To say that this reservation applies to some of the books here reviewed is not to reproach their authors. At worst the authors were no more short-sighted than their governments and military experts, and in some cases they have been surprisingly prescient. Not that they succeeded in prophesying Pearl Harbor—for not even the late Hector C. Bywater imagined that feat in “The Great Pacific War,” his astonishing fantasy of a Japanese-American naval war written in 1925 and now reprinted; but they correctly saw something of the vital strategic importance of Southeast Asia and Australasia in the clash that was bound to come from Japan’s policies.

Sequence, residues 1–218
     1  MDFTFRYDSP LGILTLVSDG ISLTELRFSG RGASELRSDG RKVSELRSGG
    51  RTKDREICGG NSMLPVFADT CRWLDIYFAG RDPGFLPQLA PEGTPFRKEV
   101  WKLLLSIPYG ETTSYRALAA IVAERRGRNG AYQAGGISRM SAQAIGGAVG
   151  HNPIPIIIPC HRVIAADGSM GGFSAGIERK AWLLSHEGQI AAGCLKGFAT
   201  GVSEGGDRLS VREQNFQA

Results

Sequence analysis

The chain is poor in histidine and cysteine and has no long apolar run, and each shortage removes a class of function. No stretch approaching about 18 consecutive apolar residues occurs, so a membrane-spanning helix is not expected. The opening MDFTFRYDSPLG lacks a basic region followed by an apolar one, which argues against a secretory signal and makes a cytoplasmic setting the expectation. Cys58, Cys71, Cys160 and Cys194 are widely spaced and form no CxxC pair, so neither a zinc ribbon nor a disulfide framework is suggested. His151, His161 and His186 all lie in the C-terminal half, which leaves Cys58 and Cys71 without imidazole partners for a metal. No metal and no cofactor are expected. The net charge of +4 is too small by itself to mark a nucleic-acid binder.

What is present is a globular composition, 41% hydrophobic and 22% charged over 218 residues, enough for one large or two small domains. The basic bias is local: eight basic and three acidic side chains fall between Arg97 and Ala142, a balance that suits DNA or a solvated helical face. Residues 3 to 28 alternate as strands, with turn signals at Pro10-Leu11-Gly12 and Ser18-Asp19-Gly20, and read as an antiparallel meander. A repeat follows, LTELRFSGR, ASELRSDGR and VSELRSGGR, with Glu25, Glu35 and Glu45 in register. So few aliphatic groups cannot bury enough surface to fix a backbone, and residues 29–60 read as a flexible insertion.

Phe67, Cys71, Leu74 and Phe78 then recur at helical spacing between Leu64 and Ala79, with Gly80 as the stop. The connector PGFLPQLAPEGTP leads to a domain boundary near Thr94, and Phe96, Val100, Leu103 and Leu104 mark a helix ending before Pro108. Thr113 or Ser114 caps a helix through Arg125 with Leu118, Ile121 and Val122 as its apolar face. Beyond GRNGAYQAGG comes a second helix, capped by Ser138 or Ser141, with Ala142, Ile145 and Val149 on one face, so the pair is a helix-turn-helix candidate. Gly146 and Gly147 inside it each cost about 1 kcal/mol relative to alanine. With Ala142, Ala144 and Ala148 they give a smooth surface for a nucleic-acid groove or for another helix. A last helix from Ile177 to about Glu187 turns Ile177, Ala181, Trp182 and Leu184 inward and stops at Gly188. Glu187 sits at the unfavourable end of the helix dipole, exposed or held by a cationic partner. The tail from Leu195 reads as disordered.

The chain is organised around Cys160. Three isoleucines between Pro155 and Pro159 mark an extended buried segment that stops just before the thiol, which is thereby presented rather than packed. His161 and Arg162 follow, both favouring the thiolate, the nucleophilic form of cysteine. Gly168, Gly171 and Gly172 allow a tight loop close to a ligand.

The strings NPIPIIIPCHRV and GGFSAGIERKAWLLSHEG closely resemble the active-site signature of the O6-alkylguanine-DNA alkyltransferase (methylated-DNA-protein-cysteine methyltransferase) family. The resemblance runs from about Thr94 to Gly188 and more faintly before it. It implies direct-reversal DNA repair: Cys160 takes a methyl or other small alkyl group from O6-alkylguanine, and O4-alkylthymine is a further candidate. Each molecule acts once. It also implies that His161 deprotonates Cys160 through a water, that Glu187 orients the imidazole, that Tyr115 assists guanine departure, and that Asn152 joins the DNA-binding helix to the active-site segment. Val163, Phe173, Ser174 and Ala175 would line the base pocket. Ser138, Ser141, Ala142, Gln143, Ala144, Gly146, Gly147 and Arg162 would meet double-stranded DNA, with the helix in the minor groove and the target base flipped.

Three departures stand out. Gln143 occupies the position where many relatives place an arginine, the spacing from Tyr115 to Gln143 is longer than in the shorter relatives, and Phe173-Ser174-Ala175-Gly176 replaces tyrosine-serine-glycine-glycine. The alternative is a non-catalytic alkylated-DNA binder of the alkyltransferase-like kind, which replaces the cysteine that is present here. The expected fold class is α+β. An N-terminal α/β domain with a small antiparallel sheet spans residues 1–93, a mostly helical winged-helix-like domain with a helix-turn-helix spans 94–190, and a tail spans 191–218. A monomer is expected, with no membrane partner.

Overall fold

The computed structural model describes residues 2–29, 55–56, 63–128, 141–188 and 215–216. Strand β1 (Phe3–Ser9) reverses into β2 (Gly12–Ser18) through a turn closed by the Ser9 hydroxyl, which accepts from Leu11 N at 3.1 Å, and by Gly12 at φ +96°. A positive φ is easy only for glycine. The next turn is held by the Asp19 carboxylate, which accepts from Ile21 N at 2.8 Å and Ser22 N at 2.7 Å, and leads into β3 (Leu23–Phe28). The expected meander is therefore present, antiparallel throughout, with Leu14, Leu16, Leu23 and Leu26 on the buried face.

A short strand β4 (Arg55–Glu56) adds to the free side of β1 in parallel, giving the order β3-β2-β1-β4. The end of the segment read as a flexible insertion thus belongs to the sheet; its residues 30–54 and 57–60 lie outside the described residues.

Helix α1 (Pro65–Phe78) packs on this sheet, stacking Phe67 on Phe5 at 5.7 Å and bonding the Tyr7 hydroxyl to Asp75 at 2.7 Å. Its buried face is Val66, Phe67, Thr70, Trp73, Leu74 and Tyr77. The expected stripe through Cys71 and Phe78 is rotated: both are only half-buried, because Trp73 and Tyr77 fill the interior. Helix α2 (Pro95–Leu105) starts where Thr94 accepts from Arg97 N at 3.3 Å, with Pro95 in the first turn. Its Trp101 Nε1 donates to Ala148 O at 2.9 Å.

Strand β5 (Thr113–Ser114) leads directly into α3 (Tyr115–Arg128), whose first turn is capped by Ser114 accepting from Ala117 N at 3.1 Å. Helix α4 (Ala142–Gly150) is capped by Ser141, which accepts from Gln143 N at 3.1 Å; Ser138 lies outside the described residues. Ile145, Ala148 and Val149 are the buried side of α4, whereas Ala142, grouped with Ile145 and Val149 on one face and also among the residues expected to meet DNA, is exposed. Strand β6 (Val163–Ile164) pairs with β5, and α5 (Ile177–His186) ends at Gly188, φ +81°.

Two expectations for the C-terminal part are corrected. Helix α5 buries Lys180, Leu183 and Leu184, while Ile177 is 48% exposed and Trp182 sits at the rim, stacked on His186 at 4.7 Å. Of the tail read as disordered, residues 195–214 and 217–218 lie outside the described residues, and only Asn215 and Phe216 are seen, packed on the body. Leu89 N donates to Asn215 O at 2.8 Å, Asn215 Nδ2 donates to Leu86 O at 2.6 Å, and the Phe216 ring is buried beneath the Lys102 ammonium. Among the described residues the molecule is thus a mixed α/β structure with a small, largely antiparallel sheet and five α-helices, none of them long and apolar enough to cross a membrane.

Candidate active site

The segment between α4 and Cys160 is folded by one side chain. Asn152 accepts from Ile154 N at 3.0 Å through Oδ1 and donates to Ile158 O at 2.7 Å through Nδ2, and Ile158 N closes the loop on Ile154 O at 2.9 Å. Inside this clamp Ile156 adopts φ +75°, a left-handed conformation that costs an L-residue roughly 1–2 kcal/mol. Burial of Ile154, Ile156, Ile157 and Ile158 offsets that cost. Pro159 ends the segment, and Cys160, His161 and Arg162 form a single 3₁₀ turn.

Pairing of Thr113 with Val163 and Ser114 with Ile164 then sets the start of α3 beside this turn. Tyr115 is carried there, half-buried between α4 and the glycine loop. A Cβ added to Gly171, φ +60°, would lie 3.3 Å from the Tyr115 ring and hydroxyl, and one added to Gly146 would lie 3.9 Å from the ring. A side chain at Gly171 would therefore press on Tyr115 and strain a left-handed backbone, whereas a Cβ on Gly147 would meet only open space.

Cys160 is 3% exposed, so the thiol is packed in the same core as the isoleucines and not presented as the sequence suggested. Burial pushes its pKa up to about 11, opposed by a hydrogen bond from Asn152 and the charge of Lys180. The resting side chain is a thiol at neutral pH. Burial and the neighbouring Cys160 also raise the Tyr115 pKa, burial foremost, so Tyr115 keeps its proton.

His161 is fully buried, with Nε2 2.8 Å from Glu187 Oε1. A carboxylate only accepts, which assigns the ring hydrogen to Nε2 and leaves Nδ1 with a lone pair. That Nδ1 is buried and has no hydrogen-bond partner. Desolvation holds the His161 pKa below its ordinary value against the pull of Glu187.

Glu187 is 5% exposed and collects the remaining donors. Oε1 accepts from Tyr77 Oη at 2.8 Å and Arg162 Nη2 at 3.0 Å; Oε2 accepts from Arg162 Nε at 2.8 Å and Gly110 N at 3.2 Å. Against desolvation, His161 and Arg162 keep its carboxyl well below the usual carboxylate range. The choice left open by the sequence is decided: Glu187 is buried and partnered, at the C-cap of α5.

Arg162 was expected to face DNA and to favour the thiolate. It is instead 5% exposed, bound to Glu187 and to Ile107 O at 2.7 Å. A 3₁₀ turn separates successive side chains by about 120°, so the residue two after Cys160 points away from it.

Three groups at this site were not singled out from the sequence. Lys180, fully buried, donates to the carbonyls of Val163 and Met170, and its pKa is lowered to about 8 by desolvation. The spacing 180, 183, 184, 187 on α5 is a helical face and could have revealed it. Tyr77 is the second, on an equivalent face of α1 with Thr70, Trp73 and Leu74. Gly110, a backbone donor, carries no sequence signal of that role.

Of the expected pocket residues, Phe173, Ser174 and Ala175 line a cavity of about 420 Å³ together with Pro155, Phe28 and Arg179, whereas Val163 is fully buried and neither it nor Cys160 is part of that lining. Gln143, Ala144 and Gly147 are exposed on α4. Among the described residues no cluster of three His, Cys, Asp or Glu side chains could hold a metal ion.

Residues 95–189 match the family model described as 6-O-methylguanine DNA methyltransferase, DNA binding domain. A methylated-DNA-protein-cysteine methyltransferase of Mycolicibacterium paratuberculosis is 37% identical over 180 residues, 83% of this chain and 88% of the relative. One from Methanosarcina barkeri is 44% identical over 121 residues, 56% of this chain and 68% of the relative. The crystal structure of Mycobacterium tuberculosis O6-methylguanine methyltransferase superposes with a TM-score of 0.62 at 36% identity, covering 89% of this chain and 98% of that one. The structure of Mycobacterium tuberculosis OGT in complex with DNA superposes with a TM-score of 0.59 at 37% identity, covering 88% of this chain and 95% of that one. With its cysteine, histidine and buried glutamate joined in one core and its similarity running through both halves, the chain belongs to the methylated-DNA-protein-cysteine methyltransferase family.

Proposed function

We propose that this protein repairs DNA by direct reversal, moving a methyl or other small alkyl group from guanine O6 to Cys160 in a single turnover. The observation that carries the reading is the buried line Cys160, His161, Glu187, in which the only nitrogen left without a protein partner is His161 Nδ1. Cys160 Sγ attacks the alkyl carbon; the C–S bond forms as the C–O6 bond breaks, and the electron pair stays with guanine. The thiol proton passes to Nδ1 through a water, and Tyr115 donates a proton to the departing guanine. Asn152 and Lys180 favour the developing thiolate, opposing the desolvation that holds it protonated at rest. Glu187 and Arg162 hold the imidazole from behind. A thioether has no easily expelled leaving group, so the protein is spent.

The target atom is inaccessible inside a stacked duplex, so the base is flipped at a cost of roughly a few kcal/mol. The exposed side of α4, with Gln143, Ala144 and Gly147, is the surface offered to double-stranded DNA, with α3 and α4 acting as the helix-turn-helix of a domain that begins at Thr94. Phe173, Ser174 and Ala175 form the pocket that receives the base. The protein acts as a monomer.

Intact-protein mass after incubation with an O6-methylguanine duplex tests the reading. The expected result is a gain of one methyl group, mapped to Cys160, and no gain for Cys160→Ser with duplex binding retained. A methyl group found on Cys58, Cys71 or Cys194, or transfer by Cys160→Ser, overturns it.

Alexander Kiralfy’s “Victory in the Pacific” is a very different book from Bywater’s, though both deal with the problems of American strategy against a Japanese enemy. Mr. Kiralfy’s analysis has many commendable qualities. He rightly stresses the importance of striking boldly at the heart of Japan instead of timidly skirmishing with Japanese forces in New Guinea or India and has some useful technical advice to offer, for instance in the planning of attacks on enemy bases in the northern mandated islands. Similarly he shows the crucial importance of the northern approach to Japan via Alaska and the Soviet Far East. Unfortunately much of this sound, though not startlingly new, advice is wrapped up in a pretentious and unreadable style that will repel many readers, especially when the author writes of Japanese strategists as omniscient “surgeons” and chess-players. Moreover Mr. Kiralfy often writes in a kind of intellectual vacuum, seeming to ignore the pressing needs of other war theatres in Russia and the Mediterranean and therefore giving all too little attention to the heart-breaking problem of building and operating enough ships to supply battle fronts all over the world. One may also doubt whether he appreciates sufficiently the visible evidence (not merely the promises) of great American reinforcements which the Soviets will rightly demand before they abandon their neutrality to Japan and allow their Far Eastern territory to become a second battleground in their rear.